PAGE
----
As part of the partnership with different actors, students engage with different forms of expertise. Such engagement could entail consulting those users or citizens who will potentially be affected by an innovation, people who have lived experience with a technology, scientific experts, or other knowledge sources, such as websites or magazines. For engineering students who often are trained to be domain-specific experts, such openness to dialog with a variety of actors comes with new challenges. Things are messier when “real people” are involved, and initial problem formulations might need to be reconfigured due to new insights. Therefore, dedicated time & space for proximity-seeking activities is essential, as students benefit from immediate, direct contact with involved actors.

We observe that student’s experience in co-creation-inspired courses relies on a different form of project ownership and emotional experience, which is different to widespread primarily cognitive, intellectual involvement in traditional classes. This different way of experiencing education is related to the dialogical engagement with co-creators. During group work, students practice listening and communication skills, but also deal with discomfort when engaging with different perspectives. In so doing, students work through different value-systems and explore different biases, norms, and beliefs. The following student expresses this collaborative experience in the team as follows:

Photo by: A Cube Agency
Photo by: A Cube Agency

We are a multiracial, multinational, multi everything team. If we didn’t have the right ethics and we didn’t have some sense of humor about this, we would never be able to collaborate with each other. It’s 100% needed within any team to understand different cultures, different people, and we should accept each other. In my culture it’s not ethical to do that, but in his culture it’s ethical.

             ― TalTech student                                                    

We see that co-creation is not a dry experience; it requires emotional maturity to see that the ”right” approach can look differently across cultures. But there also needs to be a suitable setup for such encounters, and enough time for discussion. To help set the scene, teachers often encourage students to think broader than their study lines so that students can show up with their full self when interacting with others.

Co-creation takes place in a special pedagogical setup; the teacher is a “scaffolder” or coach in the learning journey. Giving space for student creativity and being there as partner is key. Different to the classic lecture format, where replication of knowledge is seen as the central way of learning and evaluation, theoretical input is transferred in a way that makes theory easy to apply in practice; that could be learning about the ethics of user engagement, followed by first-hand experimentation with such; or learning about team roles, followed by experimentation with such in your group. A special mixture between theoretical and hands-on sessions is key. A teacher puts it like this:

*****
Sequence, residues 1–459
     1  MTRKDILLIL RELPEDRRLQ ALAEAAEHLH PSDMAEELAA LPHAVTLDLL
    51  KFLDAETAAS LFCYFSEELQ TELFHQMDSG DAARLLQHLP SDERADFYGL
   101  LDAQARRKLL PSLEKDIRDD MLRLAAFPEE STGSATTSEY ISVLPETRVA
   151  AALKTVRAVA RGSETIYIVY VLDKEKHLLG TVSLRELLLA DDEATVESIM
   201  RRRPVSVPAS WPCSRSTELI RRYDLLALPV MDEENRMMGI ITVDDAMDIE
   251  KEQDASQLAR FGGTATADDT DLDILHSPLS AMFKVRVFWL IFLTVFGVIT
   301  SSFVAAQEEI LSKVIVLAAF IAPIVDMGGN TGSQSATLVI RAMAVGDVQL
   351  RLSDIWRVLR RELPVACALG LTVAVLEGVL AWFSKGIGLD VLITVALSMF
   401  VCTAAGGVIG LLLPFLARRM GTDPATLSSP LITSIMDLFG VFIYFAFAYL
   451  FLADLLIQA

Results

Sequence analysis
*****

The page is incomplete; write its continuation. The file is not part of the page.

Photo: Pexel, by Ron Lach
Photo: Pexel, by Ron Lach

The most important thing is that it’s a hands-on learning experience. They have to try it. Giving lectures about co-creation isn’t the same thing as trying it out. Of course, you have to do lectures as well. But intertwine it with them actually being able to plan and facilitate workshops because learning from experience usually brings much more into the brain than just hearing about something.

― DTU teacher

This implies that activities in co-creation inspired courses are often more decentralized compared to the single-sided classroom teaching. Consequently, different facilities are needed for co-creation education, and teachers need to move between frontstage and backstage presence. For such a more decentralized setup to work, it is important that students still have orientation and guidance. Part of the pedagogical setup are therefore methods for exploration and reflection. Methods for co-creation allow students to have allocated time to explore different perspectives and get feedback from others, but also provide them with a clear indication of the different stages in the co-creation process. There is no uniform “co-creation model” across the EuroTeQ alliance, but we found different methods which usually allow for an explorative phase, a narrowing-down phase and enough time for feedback and revision of problem formulations.

Since co-creation is indeterminate by nature, there often isn’t a clear right and wrong answer. Therefore, multiple-choice exams as only form of assessment aren’t used. Instead, several types of evaluation on the process and product dimension are required to capture the full experience.  Complex learning goals and multi-layered evaluation are therefore another part of co-creation teaching.

Quotes have been slightly adapted for readability.

This project is funded by the EU, Horizon2020. The full report can be found here.